How do Christians define missions?
Recent data published in The Great Disconnect, a Barna report produced in partnership with Mission India, show that Christians’ and pastors’ perceptions of missions—whether it’s a calling or a mandate—vary widely. This article goes deeper into the data, exploring exactly how Christians define the term “missions” and what actions they believe best fit this definition.
29% of All Christians Define Missions as Proclaiming the Truth of Jesus Wherever You Are
Generally speaking, the Church sees missions and evangelism running in parallel.
Asked to select a statement that best defines missions, Christians’ top answer is “proclaiming the truth of Jesus Christ wherever you are” (29%). This definition sees increased support among practicing Christians (41%), and also accounts for pastors’ highest response (30%). The second highest response among Christians is “the calling to proclaim the gospel to a specific people group or region” (17% all Christians, 19% practicing Christians). Pastors, however, rank “the holistic transformation of people’s lives by caring for their physical, social and spiritual needs” as second (28%).
Looking at responses by tradition, we see a divergence of opinion in how Christians view missions. This is especially apparent among pastors. Mainline leaders lean decidedly toward defining missions by transformation (44% vs. 28% non-mainline) and justice (20% vs. 6%), and non-mainline leaders lean toward defining missions as the proclamation of the truth of Jesus (30% vs. 10% mainline) or of the gospel to a specific population (23% vs. 6%). This trend is muted among all Christians, though here, too, non-mainliners stand out in favoring missions as “proclaiming the truth of Jesus Christ wherever you are” (38% vs. 25% mainline).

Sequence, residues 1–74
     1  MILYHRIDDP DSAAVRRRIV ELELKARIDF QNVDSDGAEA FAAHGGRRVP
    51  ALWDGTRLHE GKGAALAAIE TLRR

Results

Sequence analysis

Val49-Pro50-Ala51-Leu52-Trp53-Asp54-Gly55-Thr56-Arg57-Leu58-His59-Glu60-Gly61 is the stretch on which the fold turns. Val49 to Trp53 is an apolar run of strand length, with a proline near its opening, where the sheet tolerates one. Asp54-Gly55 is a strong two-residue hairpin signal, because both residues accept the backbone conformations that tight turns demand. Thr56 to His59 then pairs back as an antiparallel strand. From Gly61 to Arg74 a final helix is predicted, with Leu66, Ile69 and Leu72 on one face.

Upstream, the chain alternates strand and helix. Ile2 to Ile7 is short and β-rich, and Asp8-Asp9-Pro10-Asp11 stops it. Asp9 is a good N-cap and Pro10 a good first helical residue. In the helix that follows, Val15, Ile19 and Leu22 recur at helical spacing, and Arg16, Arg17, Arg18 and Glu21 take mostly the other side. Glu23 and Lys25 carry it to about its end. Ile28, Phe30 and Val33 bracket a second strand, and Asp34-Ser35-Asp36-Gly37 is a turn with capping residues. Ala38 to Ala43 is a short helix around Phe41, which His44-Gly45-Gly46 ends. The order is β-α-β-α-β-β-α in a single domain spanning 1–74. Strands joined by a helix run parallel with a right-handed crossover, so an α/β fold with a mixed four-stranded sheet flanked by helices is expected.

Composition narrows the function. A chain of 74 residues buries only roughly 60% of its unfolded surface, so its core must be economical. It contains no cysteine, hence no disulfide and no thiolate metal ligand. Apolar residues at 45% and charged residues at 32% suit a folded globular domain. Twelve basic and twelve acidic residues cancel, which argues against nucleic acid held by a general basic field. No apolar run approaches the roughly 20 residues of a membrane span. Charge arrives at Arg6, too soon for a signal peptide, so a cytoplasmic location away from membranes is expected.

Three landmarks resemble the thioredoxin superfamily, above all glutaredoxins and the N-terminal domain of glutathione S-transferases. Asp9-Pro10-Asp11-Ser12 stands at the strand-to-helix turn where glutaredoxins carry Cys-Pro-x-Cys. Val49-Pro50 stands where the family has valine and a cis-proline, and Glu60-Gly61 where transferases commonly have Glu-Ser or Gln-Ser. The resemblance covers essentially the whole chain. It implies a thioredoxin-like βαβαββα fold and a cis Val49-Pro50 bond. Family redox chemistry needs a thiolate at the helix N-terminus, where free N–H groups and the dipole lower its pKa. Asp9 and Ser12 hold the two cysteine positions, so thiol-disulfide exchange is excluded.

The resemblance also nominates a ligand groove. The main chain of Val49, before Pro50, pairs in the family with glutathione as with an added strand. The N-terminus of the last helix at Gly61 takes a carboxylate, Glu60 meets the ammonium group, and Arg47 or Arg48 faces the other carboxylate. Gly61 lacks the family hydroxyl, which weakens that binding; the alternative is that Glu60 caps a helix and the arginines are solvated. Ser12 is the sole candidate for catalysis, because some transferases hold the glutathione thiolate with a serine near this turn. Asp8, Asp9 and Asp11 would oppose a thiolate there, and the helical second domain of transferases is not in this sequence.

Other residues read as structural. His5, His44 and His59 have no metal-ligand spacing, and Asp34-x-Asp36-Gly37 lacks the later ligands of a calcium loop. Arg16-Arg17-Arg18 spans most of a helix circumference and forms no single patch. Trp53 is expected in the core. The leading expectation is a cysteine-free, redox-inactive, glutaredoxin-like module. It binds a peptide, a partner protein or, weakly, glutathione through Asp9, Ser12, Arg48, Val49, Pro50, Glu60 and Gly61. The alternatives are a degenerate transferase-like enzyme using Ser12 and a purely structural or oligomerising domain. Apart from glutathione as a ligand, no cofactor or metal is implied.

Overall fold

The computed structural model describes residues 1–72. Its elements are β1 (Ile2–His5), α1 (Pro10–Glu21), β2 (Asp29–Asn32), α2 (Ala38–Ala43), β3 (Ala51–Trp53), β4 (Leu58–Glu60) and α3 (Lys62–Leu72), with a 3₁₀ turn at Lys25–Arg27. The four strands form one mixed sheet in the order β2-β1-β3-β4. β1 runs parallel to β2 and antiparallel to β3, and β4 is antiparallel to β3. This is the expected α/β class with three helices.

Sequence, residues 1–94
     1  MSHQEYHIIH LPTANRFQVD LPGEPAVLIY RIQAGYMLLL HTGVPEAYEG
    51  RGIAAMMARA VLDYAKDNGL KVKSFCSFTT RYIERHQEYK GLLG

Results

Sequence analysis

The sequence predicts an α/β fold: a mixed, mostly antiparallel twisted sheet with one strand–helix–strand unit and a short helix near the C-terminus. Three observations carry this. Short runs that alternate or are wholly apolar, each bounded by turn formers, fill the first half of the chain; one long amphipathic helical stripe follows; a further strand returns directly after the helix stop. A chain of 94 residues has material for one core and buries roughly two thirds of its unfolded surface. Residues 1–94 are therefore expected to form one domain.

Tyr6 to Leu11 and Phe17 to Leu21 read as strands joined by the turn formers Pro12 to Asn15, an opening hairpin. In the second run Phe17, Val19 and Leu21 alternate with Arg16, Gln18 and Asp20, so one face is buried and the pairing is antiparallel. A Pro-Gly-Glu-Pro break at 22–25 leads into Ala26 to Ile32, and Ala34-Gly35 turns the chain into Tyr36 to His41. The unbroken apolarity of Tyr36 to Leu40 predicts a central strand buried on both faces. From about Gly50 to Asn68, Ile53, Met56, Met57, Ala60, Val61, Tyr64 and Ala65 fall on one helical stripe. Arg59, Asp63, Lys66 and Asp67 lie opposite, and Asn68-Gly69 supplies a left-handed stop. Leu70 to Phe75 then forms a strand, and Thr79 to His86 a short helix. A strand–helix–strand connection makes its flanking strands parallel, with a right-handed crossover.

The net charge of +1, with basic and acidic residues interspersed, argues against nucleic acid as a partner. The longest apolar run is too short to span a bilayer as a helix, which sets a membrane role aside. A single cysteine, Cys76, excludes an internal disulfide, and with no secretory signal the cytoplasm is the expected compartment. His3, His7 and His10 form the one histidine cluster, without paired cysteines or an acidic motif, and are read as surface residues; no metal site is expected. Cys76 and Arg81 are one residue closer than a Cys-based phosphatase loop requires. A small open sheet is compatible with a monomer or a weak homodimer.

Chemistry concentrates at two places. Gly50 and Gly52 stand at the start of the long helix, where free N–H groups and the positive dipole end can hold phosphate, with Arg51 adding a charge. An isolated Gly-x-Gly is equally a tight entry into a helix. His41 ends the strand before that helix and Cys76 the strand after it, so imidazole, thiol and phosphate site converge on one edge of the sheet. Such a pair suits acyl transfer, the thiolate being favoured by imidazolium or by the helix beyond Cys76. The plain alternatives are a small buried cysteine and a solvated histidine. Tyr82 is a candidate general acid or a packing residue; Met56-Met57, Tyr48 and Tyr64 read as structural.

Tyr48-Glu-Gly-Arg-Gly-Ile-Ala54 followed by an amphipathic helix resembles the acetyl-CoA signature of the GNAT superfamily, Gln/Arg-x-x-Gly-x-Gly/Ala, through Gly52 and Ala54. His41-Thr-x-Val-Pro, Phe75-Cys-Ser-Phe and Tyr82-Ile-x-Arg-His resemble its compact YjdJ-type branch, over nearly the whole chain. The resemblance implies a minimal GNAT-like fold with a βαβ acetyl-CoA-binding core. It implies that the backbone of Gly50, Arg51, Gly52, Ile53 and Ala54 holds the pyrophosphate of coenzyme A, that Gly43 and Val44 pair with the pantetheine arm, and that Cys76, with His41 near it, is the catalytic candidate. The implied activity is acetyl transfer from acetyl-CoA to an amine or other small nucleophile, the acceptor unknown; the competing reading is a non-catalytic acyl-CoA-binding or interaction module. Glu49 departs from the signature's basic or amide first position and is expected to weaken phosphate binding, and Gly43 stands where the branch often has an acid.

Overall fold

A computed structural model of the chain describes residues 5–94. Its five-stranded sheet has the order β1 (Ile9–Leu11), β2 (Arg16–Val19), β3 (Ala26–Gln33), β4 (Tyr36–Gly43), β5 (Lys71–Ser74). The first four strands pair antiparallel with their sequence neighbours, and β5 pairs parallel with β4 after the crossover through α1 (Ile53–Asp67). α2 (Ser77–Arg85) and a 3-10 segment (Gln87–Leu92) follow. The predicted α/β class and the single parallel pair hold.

64% of Pastors Say Sharing About Jesus with Others Qualifies as Missions Work
With varying definitions of missions being held by both congregants and pastors, what activities qualify as missions work? Half of all Christians (47%)—and three in five practicing Christians (60%)—say “sharing about Jesus with others” best fits “what missions is.”
Beyond “sharing Jesus,” Christians’ best explanations of missions blur together, with most statements landing within small percentages of each other. There isn’t much clarity or preference about what missions should look like. This fuzziness is consistent throughout the data: Christians’ views vary, and they aren’t always sure what to make of missions.
Pastors mostly agree with characterizing missions as “sharing about Jesus with others” (64%). On other options, however, pastors’ opinions of missions diverge somewhat from Christians in general and stress practical, global activity. “Starting churches in places that don’t have them” (43%) and “overseas or cross-cultural outreach” (39%) strike roughly two in five pastors as missions work, far more so than among Christians. More than one-third of pastors (35%) sees missions embodied in partnering with organizations that help people in need.
Church leaders have clear, tangible expectations for what qualifies as missions. Add this to pastors’ deeply felt consensus that the call to missions extends to all Christians, and a question arises: Why don’t those in their pews share these views?
In Barna-led focus groups of U.S. pastors, leaders described the common frustration of feeling unable to translate missions work from pastoral vision to congregants’ action. No matter where pastors land with their perceptions of and approach toward missions, they feel their congregation is a few steps behind in embracing the Great Commission and recognizing their role in missions. Missions is an area where pastors experience a disconnect with their congregations—and congregants in turn seem disconnected from the reality of missions.